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Whoa, Momma!

Sharon Kennedy Wynne, Tracey Henry and Suzannah DiMarzio

How much food ends up in school trash?



fruits-and-veggies.jpgInteresting to read this story in the Orlando Sentinel about how changes in federal school-lunch rules mean students are not allowed to turn down healthy fruit and veggies, which means much of it can end up in the trash. That prompted Lake County school leaders to say they want staff to use surveys, or even trash cams — cameras mounted on cafeteria garbage bins — to study what's being thrown away.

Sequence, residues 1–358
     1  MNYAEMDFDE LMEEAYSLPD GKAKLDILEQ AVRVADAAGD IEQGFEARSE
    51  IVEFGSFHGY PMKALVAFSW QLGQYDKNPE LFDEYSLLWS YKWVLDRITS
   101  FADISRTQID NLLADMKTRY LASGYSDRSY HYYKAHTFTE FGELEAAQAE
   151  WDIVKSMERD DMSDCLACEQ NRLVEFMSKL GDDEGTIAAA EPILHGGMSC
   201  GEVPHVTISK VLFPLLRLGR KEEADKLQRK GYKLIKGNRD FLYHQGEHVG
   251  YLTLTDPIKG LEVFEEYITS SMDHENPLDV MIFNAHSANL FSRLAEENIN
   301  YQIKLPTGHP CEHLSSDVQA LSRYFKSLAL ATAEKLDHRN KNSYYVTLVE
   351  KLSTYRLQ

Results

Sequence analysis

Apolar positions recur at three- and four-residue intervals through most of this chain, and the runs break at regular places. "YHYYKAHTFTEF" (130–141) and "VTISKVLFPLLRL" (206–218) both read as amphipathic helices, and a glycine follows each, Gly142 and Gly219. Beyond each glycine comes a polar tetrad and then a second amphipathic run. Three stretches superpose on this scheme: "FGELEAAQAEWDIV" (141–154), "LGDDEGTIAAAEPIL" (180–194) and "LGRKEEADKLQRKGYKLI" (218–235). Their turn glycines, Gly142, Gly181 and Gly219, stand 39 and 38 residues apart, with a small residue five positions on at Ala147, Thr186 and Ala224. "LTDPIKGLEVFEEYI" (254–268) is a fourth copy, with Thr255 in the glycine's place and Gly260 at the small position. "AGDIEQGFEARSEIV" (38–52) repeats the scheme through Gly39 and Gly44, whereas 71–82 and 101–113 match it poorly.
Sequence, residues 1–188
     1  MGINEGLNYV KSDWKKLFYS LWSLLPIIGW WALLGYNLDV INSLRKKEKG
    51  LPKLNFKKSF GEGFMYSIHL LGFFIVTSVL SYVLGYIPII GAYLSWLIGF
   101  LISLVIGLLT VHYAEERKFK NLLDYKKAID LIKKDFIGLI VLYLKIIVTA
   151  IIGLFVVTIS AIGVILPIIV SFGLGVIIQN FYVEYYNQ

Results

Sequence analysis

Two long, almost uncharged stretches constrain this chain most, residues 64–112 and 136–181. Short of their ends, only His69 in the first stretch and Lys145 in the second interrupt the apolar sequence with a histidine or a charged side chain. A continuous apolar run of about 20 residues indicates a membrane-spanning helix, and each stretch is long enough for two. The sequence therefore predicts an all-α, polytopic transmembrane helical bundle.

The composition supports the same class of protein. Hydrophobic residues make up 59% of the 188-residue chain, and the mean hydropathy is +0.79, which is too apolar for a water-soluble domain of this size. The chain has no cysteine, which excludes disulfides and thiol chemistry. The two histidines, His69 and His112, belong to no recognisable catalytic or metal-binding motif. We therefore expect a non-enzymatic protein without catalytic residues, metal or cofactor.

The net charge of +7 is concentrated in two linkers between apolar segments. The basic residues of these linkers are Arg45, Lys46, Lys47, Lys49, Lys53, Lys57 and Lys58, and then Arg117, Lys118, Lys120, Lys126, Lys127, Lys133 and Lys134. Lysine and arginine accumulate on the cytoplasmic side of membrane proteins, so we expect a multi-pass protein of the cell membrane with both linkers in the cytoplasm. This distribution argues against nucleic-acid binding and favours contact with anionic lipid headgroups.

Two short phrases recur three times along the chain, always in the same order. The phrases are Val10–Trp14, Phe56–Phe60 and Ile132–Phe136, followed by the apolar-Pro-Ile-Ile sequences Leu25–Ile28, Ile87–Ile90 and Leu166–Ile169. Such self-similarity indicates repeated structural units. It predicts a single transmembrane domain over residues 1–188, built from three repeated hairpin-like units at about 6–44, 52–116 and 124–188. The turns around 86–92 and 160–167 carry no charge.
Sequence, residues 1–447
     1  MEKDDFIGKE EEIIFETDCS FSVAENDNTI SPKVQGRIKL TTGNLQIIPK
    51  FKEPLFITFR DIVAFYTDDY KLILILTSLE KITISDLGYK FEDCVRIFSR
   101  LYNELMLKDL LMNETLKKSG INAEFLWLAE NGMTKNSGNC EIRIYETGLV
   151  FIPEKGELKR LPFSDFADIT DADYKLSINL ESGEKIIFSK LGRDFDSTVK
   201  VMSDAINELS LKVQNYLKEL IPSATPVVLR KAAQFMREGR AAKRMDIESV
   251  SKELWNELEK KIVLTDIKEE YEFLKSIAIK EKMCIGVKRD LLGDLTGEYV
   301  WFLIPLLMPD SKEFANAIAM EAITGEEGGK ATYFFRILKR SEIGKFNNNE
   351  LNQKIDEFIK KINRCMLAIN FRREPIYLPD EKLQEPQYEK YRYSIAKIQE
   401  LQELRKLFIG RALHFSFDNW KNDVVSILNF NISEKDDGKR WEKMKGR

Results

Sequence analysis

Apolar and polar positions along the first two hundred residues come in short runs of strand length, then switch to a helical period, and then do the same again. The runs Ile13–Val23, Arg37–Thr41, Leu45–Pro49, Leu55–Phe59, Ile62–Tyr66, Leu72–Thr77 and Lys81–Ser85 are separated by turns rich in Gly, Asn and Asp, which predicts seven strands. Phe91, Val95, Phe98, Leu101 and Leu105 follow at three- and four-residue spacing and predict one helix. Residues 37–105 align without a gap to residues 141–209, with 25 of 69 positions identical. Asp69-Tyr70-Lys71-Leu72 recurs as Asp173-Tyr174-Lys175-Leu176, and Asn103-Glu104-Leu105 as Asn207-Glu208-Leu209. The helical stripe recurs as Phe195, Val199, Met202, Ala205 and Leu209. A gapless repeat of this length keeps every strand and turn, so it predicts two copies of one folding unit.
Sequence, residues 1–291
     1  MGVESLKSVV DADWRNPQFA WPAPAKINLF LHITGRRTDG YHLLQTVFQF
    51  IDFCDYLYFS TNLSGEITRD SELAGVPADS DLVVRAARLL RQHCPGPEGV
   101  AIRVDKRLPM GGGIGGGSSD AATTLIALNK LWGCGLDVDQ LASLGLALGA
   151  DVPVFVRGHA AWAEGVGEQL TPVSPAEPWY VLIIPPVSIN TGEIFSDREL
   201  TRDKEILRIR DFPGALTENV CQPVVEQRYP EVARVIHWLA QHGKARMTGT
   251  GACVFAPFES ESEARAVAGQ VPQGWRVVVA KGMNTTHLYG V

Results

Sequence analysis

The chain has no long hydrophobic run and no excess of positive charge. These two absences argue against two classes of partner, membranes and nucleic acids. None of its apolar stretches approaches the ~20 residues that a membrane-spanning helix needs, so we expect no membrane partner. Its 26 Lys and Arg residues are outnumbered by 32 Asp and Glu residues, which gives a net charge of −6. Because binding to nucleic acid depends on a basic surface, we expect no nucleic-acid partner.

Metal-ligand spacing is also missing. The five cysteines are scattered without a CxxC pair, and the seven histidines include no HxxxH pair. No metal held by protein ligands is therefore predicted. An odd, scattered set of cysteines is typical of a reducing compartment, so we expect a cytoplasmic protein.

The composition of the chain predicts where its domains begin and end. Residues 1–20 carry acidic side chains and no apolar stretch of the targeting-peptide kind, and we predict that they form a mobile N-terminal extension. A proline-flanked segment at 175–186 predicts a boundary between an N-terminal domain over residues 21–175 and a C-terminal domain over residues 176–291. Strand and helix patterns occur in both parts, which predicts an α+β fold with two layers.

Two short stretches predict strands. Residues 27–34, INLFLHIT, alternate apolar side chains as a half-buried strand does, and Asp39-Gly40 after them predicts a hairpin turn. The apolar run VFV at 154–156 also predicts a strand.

Last year Lake County schools were already enforcing these rules before they were required. And they estimated that students tossed $75,000 of produce in the garbage. This year, School Board members say they want stricter trash monitoring to figure out what's working and what's not with the new federal policy.

The new rules have dramatically reshaped school lunches by placing calorie limits on meals, requiring a colorful variety of veggies. Districts that don't comply risk losing thousands of dollars a year in federal money a year.

Uneaten lunchtime food nationwide costs taxpayers about $600 million a year or more, according to a 2002 congressional report.

What do you think of this effort to get more healthy food in the school lunch. Is it wasted if it ends up in the trash?

--Sharon Kennedy Wynne

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[Last modified: Monday, October 1, 2012 2:19pm]


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